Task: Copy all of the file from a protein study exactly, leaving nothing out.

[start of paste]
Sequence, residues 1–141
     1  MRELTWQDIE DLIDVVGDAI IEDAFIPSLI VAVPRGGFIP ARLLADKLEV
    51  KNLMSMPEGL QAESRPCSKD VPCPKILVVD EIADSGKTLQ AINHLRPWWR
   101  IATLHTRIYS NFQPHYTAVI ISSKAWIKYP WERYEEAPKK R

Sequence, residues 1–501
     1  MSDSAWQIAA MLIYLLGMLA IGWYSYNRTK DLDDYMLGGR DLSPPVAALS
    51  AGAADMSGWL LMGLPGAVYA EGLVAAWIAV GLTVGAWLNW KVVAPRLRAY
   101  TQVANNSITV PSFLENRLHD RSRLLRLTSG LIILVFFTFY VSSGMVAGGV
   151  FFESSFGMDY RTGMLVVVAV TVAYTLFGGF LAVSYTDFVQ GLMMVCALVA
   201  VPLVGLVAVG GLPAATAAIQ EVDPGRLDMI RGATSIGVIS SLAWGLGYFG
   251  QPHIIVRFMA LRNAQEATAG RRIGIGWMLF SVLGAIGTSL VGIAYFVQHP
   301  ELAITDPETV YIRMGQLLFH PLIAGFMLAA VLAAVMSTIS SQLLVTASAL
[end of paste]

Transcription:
Sequence, residues 1–141
     1  MRELTWQDIE DLIDVVGDAI IEDAFIPSLI VAVPRGGFIP ARLLADKLEV
    51  KNLMSMPEGL QAESRPCSKD VPCPKILVVD EIADSGKTLQ AINHLRPWWR
   101  IATLHTRIYS NFQPHYTAVI ISSKAWIKYP WERYEEAPKK R

Sequence, residues 1–501
     1  MSDSAWQIAA MLIYLLGMLA IGWYSYNRTK DLDDYMLGGR DLSPPVAALS
    51  AGAADMSGWL LMGLPGAVYA EGLVAAWIAV GLTVGAWLNW KVVAPRLRAY
   101  TQVANNSITV PSFLENRLHD RSRLLRLTSG LIILVFFTFY VSSGMVAGGV
   151  FFESSFGMDY RTGMLVVVAV TVAYTLFGGF LAVSYTDFVQ GLMMVCALVA
   201  VPLVGLVAVG GLPAATAAIQ EVDPGRLDMI RGATSIGVIS SLAWGLGYFG
   251  QPHIIVRFMA LRNAQEATAG RRIGIGWMLF SVLGAIGTSL VGIAYFVQHP
   301  ELAITDPETV YIRMGQLLFH PLIAGFMLAA VLAAVMSTIS SQLLVTASAL